Attending will be keynote speakers from a number of leading organisations, including the Civil Service, the BBC, the Institute of Directors, and Winmark.
Among them, Middlesex University Professor of Organisation Behaviour Nick Rumens will tackle the topic of 'The role of the academic community in educating diversity'.
During an afternoon session chaired by PTHR CEO Perry Timms, a select panel of experts, containing business psychologist Professor Binna Kandola, Head of HR EMEA at Credit Agricole CIB Bharatti Crack, Chief Diversity Adviser at the CIPD Dianah Worman, and tech entrepreneur and former lawyer Dupsy Abiola, will discuss the future of diversity.
The Business School will also host a series of workshops for delegates, which will include presentations by Dr Jude Smith-Rachelle CEO & Co-founder for Abundant Sun and Equalities Consultant Satwant Kaur ("Unconscious bias"), MP Andrew Boff ("The Implications of Diversity when trading across Africa"), Patti Boulaye ("Diversity in show business: Insight to my journey"), Sam Mercer Head of Diversity at the Bar Council ("The Bar: Creating a Profession of all for all"),leading BBC broadcaster and award winning Journalist, Professor Kurt Barling ("The business case for diversity in the digital media economy of the creative economy"), MD Lynette Alan, ("Becoming a Woman of Influence: How women hold themselves back without even realising it!"), Arun Batra EY Director & CEO National Equality Standard ("National Equality Standard"), Simon Feeke Head of Workplace at Stonewall ("The workplace equality index: Measuring progress"), plus many more.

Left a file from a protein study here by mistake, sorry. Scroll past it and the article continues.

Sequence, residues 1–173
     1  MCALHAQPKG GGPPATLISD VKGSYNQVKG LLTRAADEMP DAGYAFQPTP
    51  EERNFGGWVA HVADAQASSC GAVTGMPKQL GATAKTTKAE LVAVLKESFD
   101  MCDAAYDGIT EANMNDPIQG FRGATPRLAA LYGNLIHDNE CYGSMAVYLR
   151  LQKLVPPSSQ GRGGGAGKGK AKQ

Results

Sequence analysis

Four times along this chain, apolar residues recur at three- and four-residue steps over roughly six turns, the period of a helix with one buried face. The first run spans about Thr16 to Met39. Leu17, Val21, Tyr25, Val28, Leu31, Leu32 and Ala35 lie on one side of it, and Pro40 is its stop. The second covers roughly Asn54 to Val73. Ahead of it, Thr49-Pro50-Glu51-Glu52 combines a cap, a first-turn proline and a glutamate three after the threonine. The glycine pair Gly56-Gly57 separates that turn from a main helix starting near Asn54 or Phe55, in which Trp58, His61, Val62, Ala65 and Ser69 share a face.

The day will end in style with a gala reception from 5-8pm, featuring live jazz music with a short guest appearance by British-Nigerian singer Patti Boulaye in the spectacular Rickett Quadrangle.
For more information and to book your place, click here.
For further information and help booking your place please contact Conference Organiser Dr Doirean Wilson. Email: firstname.lastname@example.org and telephone: +44 (0)20 8411 5378.
When we see injustice we become frustrated, but how can we utilise that feeling without being aggressive or becoming emotionally exhausted?